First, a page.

Ditch The Blender And Use The Stand Mixer For A Copycat Dairy Queen Blizzard

How would you classify a Dairy Queen Blizzard? Is it a milkshake, or would you say it's more like the soft-serve version of Cold Stone Creamery's ice cream with mix-ins? We'd go with the latter interpretation, despite the item being served in a beverage-style container. If it was truly a drink, DQ would never have adopted that "upside-down or it's free" policy. While the McFlurry is another form of ice cream with mix-ins, the Blizzard has the advantage in that you don't need an app to find a DQ with a working ice cream machine. If the issue is that you don't live near a Dairy Queen at all, though, then you might want to try making a copycat version. You won't need too many ingredients for it, just ice cream and your chosen mix-in(s), and you also won't need a blender, either.

Lindsay D. Mattison, who developed our two-ingredient copycat Oreo Blizzard recipe, explains the reason why she doesn't use a blender for making it. As she tells us, "a blender ... would add heat and melt the ice cream, resulting in a more milkshake-like drink." Instead, she uses a stand mixer fitted with a paddle to incorporate the Oreo crumbs and aerate the vanilla ice cream, thus turning it into a DIY approximation of soft-serve. If you don't have a stand mixer, though, a hand mixer will also work to transform store-bought ice cream into soft-serve.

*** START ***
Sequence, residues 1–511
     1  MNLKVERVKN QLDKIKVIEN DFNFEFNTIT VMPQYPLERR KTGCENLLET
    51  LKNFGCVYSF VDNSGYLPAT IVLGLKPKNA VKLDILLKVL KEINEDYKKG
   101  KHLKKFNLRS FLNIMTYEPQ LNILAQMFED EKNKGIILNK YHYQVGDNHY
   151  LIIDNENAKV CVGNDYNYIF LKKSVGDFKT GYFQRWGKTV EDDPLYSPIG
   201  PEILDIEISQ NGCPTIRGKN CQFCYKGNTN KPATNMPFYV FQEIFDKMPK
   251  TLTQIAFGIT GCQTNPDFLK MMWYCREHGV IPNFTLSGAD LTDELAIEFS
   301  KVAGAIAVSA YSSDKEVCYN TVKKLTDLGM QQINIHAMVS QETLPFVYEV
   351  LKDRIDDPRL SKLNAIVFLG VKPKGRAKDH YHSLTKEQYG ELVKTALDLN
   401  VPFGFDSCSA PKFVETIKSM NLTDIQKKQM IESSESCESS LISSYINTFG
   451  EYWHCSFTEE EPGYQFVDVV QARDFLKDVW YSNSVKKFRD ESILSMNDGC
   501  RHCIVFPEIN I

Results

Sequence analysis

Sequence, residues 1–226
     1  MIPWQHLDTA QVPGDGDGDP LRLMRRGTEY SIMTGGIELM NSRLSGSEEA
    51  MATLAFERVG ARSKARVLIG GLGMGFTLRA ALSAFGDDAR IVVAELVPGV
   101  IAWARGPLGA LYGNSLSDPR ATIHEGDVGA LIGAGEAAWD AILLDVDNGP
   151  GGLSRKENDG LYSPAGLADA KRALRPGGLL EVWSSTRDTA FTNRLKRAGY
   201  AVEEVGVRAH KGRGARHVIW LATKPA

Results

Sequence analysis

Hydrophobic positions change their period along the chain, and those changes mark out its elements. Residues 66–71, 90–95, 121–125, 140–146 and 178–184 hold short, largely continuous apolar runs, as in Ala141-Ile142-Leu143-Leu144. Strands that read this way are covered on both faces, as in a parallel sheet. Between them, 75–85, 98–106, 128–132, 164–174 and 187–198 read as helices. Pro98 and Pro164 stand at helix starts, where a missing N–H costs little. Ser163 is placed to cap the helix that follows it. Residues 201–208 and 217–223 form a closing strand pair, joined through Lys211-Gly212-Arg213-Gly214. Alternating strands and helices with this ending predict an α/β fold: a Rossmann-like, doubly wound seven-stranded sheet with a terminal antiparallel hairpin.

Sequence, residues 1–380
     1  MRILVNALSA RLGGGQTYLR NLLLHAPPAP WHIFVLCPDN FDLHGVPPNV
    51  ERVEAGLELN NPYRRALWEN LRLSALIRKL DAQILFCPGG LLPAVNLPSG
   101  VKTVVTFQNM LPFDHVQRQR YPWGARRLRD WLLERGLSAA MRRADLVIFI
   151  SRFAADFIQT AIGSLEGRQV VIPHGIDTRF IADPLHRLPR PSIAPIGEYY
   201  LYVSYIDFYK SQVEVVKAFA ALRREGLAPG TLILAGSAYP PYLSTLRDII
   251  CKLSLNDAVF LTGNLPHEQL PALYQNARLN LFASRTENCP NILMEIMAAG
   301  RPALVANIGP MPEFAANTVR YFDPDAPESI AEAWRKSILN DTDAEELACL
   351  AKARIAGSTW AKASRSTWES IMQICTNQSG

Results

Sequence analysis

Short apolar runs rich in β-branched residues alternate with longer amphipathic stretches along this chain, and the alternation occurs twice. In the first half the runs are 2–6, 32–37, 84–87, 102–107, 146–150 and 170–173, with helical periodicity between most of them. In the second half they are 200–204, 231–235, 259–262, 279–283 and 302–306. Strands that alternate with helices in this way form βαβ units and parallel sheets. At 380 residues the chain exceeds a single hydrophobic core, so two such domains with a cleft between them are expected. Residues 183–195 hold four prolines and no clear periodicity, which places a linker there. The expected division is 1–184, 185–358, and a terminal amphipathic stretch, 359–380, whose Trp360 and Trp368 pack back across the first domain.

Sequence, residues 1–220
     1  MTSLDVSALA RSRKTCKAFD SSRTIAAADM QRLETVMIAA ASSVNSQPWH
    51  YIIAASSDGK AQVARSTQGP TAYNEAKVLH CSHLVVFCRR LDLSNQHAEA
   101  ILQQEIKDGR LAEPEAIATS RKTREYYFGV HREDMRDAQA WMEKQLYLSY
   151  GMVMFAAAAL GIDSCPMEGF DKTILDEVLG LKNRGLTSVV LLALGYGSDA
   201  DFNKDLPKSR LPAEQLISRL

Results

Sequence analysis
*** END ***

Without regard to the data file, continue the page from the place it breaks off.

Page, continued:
Experiment with different Blizzard flavors

While our copycat recipe calls for vanilla ice cream and Oreos, the beauty of making your own Blizzard is that you can use any kind of ice cream and mix-ins that you like. If you're a diehard DQ fan, you might like to approximate some of the chain's most popular Blizzard flavors, and that is easily done. Use vanilla ice cream and a frozen strawberry-topped cheesecake to clone the Royal New York Cheesecake Blizzard, or go with chocolate ice cream and M&Ms to make an M&M's Milk Chocolate Candies Blizzard. With the latter, you could even one-up DQ by using flavored M&M's like peanut butter, fudge brownie, or caramel.

Don't stop there, though. Dairy Queen may be limited in its soft-serve flavors, but since our copycat recipe starts with standard supermarket ice cream, you have a wide range of options open to you. How about a pistachio Blizzard with real chopped pistachios? Or a piña colada one with coconut ice cream and chunks of fresh pineapple? You could even go all hipster-foodie and mix basil leaves and balsamic vinegar with strawberry ice cream (artisanal, of course) or doctor up French vanilla with roasted figs, honey, and crumbled goat cheese. Who knows? Maybe hipster Blizzards could be a thing and you could open up a food truck to sell them and launch the 2020s' hottest, coldest food trend.